This week, the last piece in the four part series, “A Small Business Scorecard”. As a reminder, I’m calling this a scorecard, but the goal is not to arrive at a number and think “We got a 14, so we’re doing fine as is.” It’s more of a self-assessment & introspection tool. If a seemingly-negative item on the list doesn’t pertain to you, cross it off. Look at the items you circled / checked as “yep, this is us” as a milestone on the way to a stronger company. Some may need recurring attention. We close out the series with finance and systems.
- We know where the funds for our next payroll will come from.
- We’re always on top of the required state and Federal reports related to employees and such.
- Sometimes we have to pay our invoices late, but it’s not an every month thing.
- We get paid late by our customers and it creates issues for us.
- We don’t have receivables.
- Our payables are always behind.
- We never have any issues with state or Federal tax returns or deposits.
- We’re always on top of tax returns.
- If sales could deliver dependable pipeline numbers for the next quarter, our finance problems would disappear.
- The owner / management hates accounting.
- We’re always up to date on tax deposits.
- We’re not very good at managing the company’s finances.
- We tend to be late on tax returns. Sometimes we have to pay a penalty.
- Managing our finances is one of our superpowers. We suspect we’re better at this than many other companies.
- We tend to be late on tax deposits. Sometimes we are charged penalties / interest.
- We do all our own bookkeeping and accounting / tax work.
- Debt is an important ingredient in our ability to grow.
- We do our own bookkeeping, but we have a professional handle the taxes and related paperwork.
- We outsource bookkeeping.
- We’re focused on eliminating debt for the long term, even though we know it may slow us down from time to time.
- We have a professional handle taxes and related paperwork.
- Our “numbers” drive strategic decisions.
- We understand that “systems” might include automation, but also may include manual systems – such as checklists, documented work processes, job descriptions, manufacturing reviews, and similar items.
- New employees learn our systems as they learn their job.
- We’re gradually systemizing parts of our business.
- None of our systems are “perfect”, but our imperfect systems save time, keep us on track, and help us avoid missed steps.
- There’s one person who knows it all on our systems, but that’s it.
- Our systems are a strategic advantage. They make our work safer and more consistent. They help us produce a more consistent outcome for our customers.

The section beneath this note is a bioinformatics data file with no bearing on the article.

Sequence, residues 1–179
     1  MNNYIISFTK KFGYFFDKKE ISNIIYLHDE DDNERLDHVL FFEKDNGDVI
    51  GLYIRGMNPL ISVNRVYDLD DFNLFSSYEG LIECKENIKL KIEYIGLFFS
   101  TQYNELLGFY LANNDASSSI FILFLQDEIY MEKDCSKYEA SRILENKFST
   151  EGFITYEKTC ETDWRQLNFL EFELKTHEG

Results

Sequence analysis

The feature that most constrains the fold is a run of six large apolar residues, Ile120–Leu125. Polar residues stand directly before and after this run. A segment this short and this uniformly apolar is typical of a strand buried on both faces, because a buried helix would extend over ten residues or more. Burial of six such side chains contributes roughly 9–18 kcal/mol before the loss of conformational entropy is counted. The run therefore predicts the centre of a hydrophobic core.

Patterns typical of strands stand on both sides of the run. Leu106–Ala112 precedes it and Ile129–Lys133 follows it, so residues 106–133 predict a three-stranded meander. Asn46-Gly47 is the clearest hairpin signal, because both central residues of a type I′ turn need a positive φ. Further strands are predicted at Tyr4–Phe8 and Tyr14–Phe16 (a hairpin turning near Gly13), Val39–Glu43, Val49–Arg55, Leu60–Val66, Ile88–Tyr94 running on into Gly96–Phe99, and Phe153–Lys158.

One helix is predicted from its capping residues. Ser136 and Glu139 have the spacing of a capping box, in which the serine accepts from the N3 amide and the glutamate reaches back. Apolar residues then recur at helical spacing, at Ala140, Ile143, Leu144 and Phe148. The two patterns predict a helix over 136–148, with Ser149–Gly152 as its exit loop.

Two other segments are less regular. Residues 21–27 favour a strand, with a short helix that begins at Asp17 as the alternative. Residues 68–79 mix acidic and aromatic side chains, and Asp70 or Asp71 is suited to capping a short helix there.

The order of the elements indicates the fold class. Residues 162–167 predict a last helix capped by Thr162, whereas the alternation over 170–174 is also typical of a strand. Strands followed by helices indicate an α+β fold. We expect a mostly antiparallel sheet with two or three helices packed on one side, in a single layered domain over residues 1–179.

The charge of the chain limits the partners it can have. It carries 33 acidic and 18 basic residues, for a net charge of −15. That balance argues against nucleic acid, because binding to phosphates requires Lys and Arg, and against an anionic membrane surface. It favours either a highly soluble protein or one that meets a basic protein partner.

- We routinely review our systems with feedback from the people who use them. Reviews drive upcoming system improvements.
- The nature of our business requires that we invent most or all systems ourselves.
- We don’t have anything we’d call “automation” but we’re definitely a systemized business.
- We have several team members working together to know, improve, and manage our systems.
- Over time, we train new employees on all the company’s systems so that they help in any area if someone is out.
- We understand that automation / systems can be leveraged in any part of our business, from management to finance to manufacturing, sales, and/or marketing.
- We’re using systems and ideas that others have refined over time.
- Systems (and particularly automation) are something we need in order to keep up with competitors. If we didn’t have to, we’d use as few as possible.
- Our systems have been in place for years. We rarely change them.
- Our systems are very close to ideal. We’ve worked hard to get there.
- Our systems are difficult to change.
- Our systems are a mix of commonly-known systems from experts and systems specific to our industry and/or business.
- We train new employees on all the systems in their area.
- Adding new systems to our work is easy.
- It’s difficult getting new systems into our workflow.
- When we hire people. we look for experience in systemized businesses and experience with systems like ours.
- If we find job candidates with experience with systems unlike ours, we consider this useful as we might gain an edge from that differing background.
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